This study aimed to investigate the efficacy of mindfulness training in comparison with relaxation training on pain, threshold and tolerance during the cold pressor task.


Undergraduate psychology students (n = 140) were randomly assigned to receive reassuring or threatening information about the cold pressor. Participants were then re-randomized to receive mindfulness or a control intervention: relaxation training.


Analyses confirmed that the threat manipulation was effective in increasing worry, fear of harm and expectations of pain, and reducing coping efficacy. Interaction effects revealed that mindfulness was effective in increasing curiosity and reducing decentring under conditions of high threat but not low threat. Other interactions on cognitive variables (attentional bias to pain and self-focus) confirmed that mindfulness and relaxation appeared to exert influences under different conditions (i.e. mindfulness: high threat; and relaxation: low threat). Despite these cognitive effects being discerned under different conditions, there were no differences between mindfulness and relaxation on pain, tolerance or threshold in either threat group.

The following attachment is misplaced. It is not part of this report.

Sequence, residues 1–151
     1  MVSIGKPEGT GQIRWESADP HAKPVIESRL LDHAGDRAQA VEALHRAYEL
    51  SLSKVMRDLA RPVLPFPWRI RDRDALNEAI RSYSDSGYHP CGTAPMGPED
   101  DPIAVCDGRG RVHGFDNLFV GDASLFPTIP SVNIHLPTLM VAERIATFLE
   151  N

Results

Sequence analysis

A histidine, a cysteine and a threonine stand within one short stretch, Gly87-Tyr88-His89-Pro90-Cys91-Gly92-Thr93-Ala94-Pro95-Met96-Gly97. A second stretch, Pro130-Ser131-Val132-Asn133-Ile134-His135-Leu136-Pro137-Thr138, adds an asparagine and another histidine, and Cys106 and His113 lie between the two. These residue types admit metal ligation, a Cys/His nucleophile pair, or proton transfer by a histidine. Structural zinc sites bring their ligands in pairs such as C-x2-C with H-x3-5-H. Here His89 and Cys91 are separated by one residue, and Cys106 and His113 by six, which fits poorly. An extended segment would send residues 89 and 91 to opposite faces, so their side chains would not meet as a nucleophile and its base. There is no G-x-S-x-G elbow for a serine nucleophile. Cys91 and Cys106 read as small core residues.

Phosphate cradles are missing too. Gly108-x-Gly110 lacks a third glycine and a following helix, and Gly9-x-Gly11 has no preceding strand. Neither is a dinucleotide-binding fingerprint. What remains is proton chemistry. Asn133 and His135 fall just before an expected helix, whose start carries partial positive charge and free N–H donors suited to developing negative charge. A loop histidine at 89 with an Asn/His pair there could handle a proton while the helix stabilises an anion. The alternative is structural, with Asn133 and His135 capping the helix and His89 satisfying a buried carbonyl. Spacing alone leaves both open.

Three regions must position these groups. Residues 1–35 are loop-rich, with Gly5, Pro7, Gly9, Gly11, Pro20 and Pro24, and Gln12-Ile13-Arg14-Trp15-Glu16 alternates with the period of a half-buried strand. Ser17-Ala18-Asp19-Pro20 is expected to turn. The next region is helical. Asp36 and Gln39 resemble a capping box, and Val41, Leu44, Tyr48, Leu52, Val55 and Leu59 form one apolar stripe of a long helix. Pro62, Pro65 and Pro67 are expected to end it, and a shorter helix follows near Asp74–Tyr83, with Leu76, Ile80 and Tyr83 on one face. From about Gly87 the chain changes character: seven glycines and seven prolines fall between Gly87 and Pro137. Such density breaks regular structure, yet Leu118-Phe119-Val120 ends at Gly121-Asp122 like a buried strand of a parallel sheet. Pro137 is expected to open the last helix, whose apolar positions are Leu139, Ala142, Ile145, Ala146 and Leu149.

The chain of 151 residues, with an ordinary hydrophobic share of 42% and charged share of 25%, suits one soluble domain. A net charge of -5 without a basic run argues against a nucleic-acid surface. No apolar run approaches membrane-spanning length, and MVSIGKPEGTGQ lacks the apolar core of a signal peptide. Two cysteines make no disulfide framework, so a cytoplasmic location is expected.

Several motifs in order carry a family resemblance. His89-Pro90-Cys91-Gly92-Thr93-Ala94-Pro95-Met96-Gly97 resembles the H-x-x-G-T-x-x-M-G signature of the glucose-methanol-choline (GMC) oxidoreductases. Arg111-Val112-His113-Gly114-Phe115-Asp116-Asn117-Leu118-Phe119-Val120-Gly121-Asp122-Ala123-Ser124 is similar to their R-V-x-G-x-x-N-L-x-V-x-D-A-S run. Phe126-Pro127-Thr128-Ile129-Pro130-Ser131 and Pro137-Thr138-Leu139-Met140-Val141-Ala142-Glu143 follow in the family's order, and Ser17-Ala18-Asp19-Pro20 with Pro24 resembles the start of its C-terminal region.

These results show that a single, brief session of mindfulness based on body scanning is not sufficient to change the way in which individuals approach an experimental pain task in comparison with relaxation, which has previously been shown to be ineffective.